HISTORY OF WAINWRIGHT
The first Wainwright emigrated to the U.S. in the 1780’s. Eventually settling in Rye, the Wainwright’s became one of Rye’s most influential families. John Howard Wainwright and his wife Margaret (a direct descendent of New York Gov. Peter Stuyvensant) bought Milton Point in 1864 and summered there with their sons, who later built houses along Stuyvesant Avenue. We now know these houses as Wainwright House, La Panetiere Restaurant and Coveleigh Club.
The youngest son, Colonel J. Mayhew Wainwright became a state assemblyman, state senator, U.S. congressman, Assistant Secretary of War, and a much-decorated lieutenant colonel in World War 1. When he was stationed in France, he was headquartered at an 18th century chateau called Raincheval, which came to have a big impact on him. On the eve before he was to lead his men to battle, he promised himself that if he came through the war alive and made it back to Rye, he would build a chateau resembling Raincheval on the family land on Milton Point. He did, completing Wainwright House in 1931.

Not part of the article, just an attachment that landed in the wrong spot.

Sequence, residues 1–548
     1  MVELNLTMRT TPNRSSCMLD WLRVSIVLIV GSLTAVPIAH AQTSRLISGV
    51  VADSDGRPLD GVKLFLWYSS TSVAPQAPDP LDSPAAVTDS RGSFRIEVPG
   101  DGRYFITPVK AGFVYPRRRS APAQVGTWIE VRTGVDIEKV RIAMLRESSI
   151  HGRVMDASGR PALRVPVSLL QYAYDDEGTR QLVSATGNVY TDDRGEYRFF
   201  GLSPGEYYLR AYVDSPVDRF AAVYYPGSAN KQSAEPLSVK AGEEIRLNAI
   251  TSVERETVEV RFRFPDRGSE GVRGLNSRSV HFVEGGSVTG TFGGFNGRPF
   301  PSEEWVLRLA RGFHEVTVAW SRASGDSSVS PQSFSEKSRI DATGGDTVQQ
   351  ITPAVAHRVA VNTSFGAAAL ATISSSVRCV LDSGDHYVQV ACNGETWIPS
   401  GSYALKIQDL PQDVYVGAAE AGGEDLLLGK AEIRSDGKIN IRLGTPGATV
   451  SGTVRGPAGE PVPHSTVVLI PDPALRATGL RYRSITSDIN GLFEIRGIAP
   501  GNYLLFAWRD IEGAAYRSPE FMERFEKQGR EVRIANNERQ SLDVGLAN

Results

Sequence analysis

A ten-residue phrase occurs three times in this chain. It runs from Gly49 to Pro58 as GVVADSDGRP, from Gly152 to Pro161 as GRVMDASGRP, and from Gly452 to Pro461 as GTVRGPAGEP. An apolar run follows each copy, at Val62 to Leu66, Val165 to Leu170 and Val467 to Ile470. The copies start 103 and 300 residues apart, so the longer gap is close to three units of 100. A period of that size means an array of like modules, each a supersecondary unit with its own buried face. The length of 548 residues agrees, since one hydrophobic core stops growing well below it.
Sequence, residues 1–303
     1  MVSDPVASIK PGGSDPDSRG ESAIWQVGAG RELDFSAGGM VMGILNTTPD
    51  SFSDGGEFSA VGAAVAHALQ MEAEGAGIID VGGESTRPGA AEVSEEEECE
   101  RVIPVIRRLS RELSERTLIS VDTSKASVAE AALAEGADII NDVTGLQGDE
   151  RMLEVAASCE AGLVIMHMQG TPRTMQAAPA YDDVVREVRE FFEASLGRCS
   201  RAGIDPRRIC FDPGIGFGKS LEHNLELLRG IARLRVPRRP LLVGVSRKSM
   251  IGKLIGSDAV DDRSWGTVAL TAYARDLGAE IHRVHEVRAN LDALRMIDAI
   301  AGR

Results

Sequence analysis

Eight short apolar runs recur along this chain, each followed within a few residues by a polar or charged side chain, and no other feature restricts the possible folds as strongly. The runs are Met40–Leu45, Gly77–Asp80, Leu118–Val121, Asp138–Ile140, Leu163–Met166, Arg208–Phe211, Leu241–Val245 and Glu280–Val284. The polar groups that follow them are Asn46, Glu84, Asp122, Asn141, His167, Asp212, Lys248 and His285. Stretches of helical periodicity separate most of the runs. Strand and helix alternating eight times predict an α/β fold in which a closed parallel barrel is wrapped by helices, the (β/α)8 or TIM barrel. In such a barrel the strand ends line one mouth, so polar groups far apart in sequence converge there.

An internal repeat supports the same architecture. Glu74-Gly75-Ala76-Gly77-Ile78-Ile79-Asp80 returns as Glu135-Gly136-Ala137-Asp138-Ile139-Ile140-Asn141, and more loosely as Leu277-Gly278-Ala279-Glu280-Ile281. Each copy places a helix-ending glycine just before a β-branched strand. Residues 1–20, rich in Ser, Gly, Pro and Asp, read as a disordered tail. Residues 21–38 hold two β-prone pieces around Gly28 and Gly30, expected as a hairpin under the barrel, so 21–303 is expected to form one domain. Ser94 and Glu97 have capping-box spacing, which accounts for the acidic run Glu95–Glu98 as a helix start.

Col. and Mrs. Wainwright had only one child, a daughter named Fonrose. Fonrose married Philip Condict and lived in what is now known as Fonrose House until her death in 1983 at age 90. With no children of her own, she wanted to find a charitable and worthwhile purpose for WH as a memorial to her parents. In 1951, she created Wainwright House, Inc., with the belief that there should be a place under one roof where people from all backgrounds and beliefs and even no beliefs at all--could aspire to have a deeper understanding of others.